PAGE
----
Exascale simulation software for systems with three-body interactions

The 3xa project will develop scalable methods for the simulation of three-body interactions in particle systems, applying vectorized kernels, dynamic load balancing approaches and adaptive resolution schemata.

Particle simulation has established itself as an essential instrument for basic science and applied research. It enables fundamental discoveries about materials and helps to optimize processes and products, for example in the chemical industry.

Interaction potentials that describe the interactions between various kinds of particles form the foundation of particle simulations. So far, models of interactions between pairs of particles are well established. A key argument in favor of using interaction potentials between pairs of particles is their efficient computability using highly scalable algorithms. Because they are only capable of additive pair-wise interactions, however, their ability to approach physical reality is limited. This leads, for example, to inaccurate substance data for real systems of polar substances, which occur in many application cases in the chemical industry. However, the necessity to observe real multi-body interactions in particle simulations is seldom taken into account today because of their extremely high computational costs.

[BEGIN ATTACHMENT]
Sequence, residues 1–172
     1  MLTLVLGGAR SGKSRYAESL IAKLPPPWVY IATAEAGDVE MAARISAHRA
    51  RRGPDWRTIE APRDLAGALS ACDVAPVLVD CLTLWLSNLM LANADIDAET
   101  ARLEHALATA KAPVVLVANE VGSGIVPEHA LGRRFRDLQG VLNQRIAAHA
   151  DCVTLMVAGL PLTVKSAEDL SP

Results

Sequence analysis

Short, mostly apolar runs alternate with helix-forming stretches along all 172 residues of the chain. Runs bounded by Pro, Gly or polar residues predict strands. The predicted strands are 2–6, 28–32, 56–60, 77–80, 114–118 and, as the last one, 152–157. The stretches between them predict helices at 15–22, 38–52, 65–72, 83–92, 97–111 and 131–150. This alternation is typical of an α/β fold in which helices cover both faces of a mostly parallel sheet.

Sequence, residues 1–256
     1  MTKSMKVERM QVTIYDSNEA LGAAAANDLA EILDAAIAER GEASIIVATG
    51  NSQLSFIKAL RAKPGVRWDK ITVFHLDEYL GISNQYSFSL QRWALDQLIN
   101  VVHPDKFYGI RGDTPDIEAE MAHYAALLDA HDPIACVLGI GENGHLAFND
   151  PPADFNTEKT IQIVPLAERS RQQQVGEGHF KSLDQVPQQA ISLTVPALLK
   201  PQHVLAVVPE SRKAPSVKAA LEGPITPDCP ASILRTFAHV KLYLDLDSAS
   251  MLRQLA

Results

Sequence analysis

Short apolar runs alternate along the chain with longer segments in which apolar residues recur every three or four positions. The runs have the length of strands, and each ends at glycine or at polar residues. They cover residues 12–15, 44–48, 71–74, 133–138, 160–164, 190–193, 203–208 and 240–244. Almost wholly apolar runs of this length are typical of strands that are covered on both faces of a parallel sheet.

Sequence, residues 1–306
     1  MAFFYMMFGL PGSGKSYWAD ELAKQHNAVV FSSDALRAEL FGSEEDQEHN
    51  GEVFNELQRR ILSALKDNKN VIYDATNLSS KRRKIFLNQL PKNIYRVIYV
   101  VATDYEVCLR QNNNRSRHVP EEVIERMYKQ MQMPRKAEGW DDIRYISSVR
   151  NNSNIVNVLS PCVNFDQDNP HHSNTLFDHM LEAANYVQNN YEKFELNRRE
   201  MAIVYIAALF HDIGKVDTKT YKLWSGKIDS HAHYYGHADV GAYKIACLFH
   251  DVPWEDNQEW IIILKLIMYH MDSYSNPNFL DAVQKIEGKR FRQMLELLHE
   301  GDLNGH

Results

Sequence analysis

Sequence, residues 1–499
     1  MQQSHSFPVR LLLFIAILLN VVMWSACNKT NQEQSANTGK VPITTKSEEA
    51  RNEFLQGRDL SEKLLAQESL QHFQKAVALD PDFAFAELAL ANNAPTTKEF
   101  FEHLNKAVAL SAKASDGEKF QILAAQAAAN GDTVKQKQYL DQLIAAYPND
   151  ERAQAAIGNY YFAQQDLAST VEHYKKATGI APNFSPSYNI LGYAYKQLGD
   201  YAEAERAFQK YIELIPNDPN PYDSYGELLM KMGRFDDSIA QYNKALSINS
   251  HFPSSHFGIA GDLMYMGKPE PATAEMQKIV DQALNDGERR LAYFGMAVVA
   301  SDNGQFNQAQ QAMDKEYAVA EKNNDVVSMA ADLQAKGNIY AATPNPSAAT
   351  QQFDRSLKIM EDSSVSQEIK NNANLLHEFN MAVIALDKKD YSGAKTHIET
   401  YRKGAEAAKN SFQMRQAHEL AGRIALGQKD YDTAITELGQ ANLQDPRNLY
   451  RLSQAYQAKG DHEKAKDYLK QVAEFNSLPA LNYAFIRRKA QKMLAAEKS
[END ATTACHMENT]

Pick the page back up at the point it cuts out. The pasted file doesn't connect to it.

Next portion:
The 3xa project is developing interdisciplinary and holistically scalable methods for the computation of three-body interactions, and will demonstrate them in the context of particle simulations. In order to simulate the largest possible systems, HLRS is working with project partners to optimize scalability at the core and node as well as at the internode level.

Further, to optimize resource usage, a highly scalable adaptive resolution method that merges two- and three-body modeling will be developed for scenarios that require only locally accurate three-body modeling. These advances will deliver insights in the broad field of three-body interaction models. The project also aims to make significant progress on exemplary applications from the chemical industry using heterogeneous exascale computing systems.


01. November 2022 -
31. October 2025



Project partners

  • Helmut-Schmidt-Universität/Universität der Bundeswehr Hamburg
  • Technische Universität München
  • Technische Universität Berlin


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